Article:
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Title: Person of Interest : The Fifth and Final Season

Movie: :4stars:
Video: :4stars:
Audio: :4.5stars:
Extras: :2stars:

HTS Overall Score:80

I feel of lump of sadness in my throat as I write this review. I always hate to see a great TV show end its run, even though they were at least given the respect they deserved and allowed to wrap up the series as they saw fit instead of just fading into oblivion with an obligatory cancellation. I originally bypassed “Person of Interest” mainly due to not thinking that Jim Caviezel could pull of an action roll. Color me a bit surprised when I started watching a few episodes of the series out of boredom and was instantly hooked. What started out as a simple police procedural with a twist of sci-fi mature and adapted into one of the best conspiracy/sci-fi shows on broadcast television. A market that has taken a hit in the series serialized drama department thanks to the advent of cable television’s adult programming. Season 5 picks up right where we left off in season 4, and even though it’s been truncated to 13 episodes instead of the 20+ it normally has, the show finishes up the war between the machine and Samaritan with the proverbial bang.

For those who haven’t seen the show at all so far, or at least haven’t seen season 4, you might want to skip down to the rest of the review as there inevitably will be some spoilers to previous seasons.

Season 5 picks up mere minutes after the events of the thrilling conclusion to season 4. Samaritan has apparently won and in a big way. The machine is offline, but Harold (Michael Emerson) has compressed his little baby into its most basic core functions and transferred it into a computer storage briefcase. John (Jim Caviezel) is severely wounded and Root (Amy Ackerman) barely escaped with her life after the onslaught of Samaritan agents nearly overwhelmed them. Limping out of there the team slowly rebuilds their base of operations and hunkers down for what may be their final battle. With the help of Root and John, Harold is able to decompress the machine and get back up and running, but this time the shackles are off. The machine is fully interact able, but sadly is under powered when compared to the monstrosity that is Samaritan.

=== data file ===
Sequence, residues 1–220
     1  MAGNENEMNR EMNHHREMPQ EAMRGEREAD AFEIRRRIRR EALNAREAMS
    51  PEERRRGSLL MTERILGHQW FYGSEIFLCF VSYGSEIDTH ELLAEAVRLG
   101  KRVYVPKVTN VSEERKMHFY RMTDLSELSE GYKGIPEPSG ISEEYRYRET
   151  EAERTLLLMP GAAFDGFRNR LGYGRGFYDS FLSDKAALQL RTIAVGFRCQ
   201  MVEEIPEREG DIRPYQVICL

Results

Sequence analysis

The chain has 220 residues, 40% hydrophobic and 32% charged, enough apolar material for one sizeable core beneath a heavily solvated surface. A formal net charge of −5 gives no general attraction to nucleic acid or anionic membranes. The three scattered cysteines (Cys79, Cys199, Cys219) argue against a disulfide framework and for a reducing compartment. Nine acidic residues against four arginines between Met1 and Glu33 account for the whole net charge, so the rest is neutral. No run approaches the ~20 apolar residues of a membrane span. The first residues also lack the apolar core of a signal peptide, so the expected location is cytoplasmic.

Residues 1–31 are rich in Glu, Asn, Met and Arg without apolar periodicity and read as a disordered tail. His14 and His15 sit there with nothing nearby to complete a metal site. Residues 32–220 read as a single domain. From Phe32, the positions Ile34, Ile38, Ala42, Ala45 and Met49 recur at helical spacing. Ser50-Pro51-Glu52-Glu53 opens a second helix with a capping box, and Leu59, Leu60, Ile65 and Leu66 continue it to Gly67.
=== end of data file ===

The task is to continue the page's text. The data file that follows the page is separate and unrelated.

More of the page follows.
To make matters even more interesting, we find out that Shaw (Sarah Shahi) is still alive and kicking, but kept hidden by the malevolent and mysterious Samaritan creator, John Green (John Nolan, who happens to be the uncle to Christopher Nolan and Jonathan Nolan). Now it’s time to take the war to Samaritan, with the machine as their biggest weapon yes. Unshackled, ready for war. The only thing is that Samaritan is entrenched and quite a bit more advanced and powerful than the machine is, which makes their end game a near impossibility.


The fifth season is as strong as it ever has been, and in many ways is the strongest season yet. The show has always had an episodic bent, starting out as run of the mill police/spy thriller that has John Reese running around trying to save the irrelevant numbers, but after the third season the show took a drastic turn into science fiction and the show become heavily serialized. That still doesn’t mean that the crew doesn’t save the irrelevant numbers. In fact no matter how serialized the show gets (and season 5 is easily the most serialized with one of the tightest, no filler, seasons yet), that aspect of the show remains constant. We have intersecting plot lines dealing with Shaw being held captive, Harold coming to grips with trusting the machine (something he never has fully done) as well as Lt. Fusco being pulled completely into the fold for once, and at the same time they make time to save a few innocents along the way (and a few not so innocents as well).

What makes the show so great is not just the high octane action and the science fiction twists. It's the great characters and fantastic interpersonal relationships built along the way. John Reese is absolutely fantastic as he matures from bleak killer who has nothing to live for, to a man of honor and dedication once more. The same goes for Root, a character you wanted to hate so badly when she was introduced, but has matured and changed to become someone who actually can share empathy. Kind of like Shaw, who also started out as emotionless and cold as can be, with the show allowing her relationships to slowly change her piece by piece until she becomes the character she was meant to be. Every one of the main characters changes and adapts over the course of the series, never staying stagnant and always movie forward. Which, in my opinion, happens very organically, allowing the characters to change and adapt with the show without feeling cheesy or not allowed growth.